By HAL McCOY
Anybody with even a minuscule knowledge of baseball knows that preseason/exhibition results mean next-to-nothing.
Just ask the Cleveland Browns. After going undefeated in the preseason last season they went 0-and-16 when it counted in the regular season.
So it is not necessary to pull the alarm handle on the Cincinnati Reds so far this spring, even though their won-loss-tie record is 3-7-1 after Sunday’s 10-3 loss to the Kansas City Royals in Goodyear, Ariz.
There are, though, some elements for early concern.
Pitcher Rookie Davis already is on the 60-day disabled list and the Reds are holding breaths and crossing fingers that this isn’t the start of another litany of injuries to the pitching staff, something that has hung cement blocks around their necks the past few seasons.
And some of the guys who need to hit aren’t hitting among the regulars.
Both Joey Votto and Billy Hamilton were given Sunday off while the Reds took another shot to the chin.
Votto is 0 for 7 so far this spring, but those who have followed Votto know he seldom does well in spring training and even sometimes starts slowly when the season begins.
Hamilton is 0 for 12 and that, indeed, is a matter of concern. If he is going to be the Reds leadoff hitter, it is time for him to step it up, and that means a giant step up because time surely has to be running out, patience has to be short, over his inability to hit and get on base.
Tucker Barnhart and Eugenio Suarez, also given Sunday off, have started fast. Barnhart is hitting .440 and Suarez is hitting .385.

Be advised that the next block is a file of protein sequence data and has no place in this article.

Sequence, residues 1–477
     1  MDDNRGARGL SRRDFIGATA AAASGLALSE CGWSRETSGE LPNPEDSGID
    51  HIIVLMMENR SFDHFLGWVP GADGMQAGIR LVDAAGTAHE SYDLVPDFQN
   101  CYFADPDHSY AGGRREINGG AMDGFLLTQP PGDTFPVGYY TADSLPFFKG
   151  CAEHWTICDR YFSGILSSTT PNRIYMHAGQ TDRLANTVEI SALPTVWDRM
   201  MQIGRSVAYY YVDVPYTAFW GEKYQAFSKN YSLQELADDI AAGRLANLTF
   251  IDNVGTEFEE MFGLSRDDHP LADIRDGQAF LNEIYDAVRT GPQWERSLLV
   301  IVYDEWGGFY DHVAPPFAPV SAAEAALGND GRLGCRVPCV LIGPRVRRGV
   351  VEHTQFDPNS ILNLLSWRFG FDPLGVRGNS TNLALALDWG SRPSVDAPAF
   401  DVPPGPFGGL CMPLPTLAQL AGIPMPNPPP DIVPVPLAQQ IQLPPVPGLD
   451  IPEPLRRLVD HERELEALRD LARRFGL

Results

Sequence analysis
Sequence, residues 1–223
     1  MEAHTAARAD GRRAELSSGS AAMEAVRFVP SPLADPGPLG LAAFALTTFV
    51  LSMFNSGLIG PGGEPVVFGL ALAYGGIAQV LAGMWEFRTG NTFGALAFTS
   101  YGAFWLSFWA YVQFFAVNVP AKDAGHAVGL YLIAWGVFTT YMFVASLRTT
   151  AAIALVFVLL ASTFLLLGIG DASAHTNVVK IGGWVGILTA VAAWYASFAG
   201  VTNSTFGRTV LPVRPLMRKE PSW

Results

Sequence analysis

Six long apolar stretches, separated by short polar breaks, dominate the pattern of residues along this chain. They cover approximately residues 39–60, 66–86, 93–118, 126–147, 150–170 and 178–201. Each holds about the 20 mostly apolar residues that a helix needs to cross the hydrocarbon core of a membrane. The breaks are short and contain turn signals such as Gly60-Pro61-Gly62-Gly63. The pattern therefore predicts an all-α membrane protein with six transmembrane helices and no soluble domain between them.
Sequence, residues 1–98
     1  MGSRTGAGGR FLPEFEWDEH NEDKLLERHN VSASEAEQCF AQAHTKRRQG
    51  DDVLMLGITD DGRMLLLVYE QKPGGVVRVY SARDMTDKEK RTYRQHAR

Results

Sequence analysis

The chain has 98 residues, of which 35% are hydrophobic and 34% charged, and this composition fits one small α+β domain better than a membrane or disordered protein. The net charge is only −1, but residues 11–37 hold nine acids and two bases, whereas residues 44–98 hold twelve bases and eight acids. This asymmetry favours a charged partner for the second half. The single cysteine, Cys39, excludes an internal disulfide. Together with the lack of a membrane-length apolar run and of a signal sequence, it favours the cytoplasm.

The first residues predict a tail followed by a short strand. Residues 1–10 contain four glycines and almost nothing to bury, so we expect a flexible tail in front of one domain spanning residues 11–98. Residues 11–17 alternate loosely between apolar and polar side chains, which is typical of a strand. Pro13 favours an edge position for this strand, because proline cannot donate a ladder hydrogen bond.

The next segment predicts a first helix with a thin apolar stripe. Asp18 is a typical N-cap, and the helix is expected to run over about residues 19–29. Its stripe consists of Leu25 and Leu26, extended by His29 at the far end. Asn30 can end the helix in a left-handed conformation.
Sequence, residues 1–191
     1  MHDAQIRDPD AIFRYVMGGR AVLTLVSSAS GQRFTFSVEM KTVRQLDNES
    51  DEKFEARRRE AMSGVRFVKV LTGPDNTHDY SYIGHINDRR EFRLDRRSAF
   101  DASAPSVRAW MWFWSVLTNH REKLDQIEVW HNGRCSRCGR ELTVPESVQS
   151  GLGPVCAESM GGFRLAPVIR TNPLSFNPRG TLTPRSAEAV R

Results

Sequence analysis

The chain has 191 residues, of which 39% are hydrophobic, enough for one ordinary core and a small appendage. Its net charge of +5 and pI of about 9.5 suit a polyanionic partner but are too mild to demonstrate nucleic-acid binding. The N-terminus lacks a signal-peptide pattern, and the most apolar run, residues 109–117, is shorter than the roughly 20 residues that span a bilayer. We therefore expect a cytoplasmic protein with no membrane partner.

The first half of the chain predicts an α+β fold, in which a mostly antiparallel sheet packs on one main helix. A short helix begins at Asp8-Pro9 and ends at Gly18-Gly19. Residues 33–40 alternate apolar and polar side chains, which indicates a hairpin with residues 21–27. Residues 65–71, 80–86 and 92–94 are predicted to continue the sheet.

But Jose Peraza and Adam Duvall entered Sunday’s game each hitting .182, although Peraza had a hit Sunday and Duvall crushed a two-run home run during a three-run inning when the Reds were behind, 8-0.
Peraza also made an error at shortstop and dropped a pop fly after a long run that was ruled a hit.
Scooter Gennett, also given a rest Sunday, has been batting in the clean-up spot and is hitting .200.
Of course, it is a very small sampling for all concerned – those doing well and those doing not so well. At this early juncture, a couple of good days can push the average to a high level and a couple of bad days can lower the average drastically.
So these are early observations as to what is going on early in the exhibition season for a team that needs to give its fans something to dream about after three straight last place finishes.
The news wasn’t good Sunday concerning pitcher Anthony DeSclafani, trying to come back after missing all of last season and half of 2016.
He started Sunday’s game and the first five Kansas Royals reached base and they scored four runs on five hits.
DeSclafani gave up a triple, two singles, a runner reach on Peraza’s error and the fifth batter singled and it was 3-0 before an out was recorded. After DeSclafani got an out, he gave up another single and it was 4-0.
DeSclafani issued a one-out walk in the second but squirmed out of it with a double play ball.
Tyler Mahle pitched 2 2/3 innings and was unfortunate. He gave up four runs, three earned, but not a ball was hit hard off him.
His second inning began when Cliff Pennington dropped a wind-blow pop-up for an error. The runner took third on a deep fly to center and scored on a single by Jorge Bonafacio.
It turned real ugly in Mahle’s third inning when he gave up two pop-flare singles and issued a full count walk.
One run scored on a sacrifice fly and Mahle was replaced by minor leaguer Rafael De Paula and he permitted boy of Mahle’s base runners to score on a single and a wild pitch.
The Reds had only one productive offensive inning and it came in the sixth. They had only three hits entering the sixth, two by Phil Gosselin, trying to make the team as an extra player.
They scored all three runs in the sixth when Peraza singled and scored on Scott Schebler’s double. Adam Duvall then homered into the grassy knoll behind the center field wall.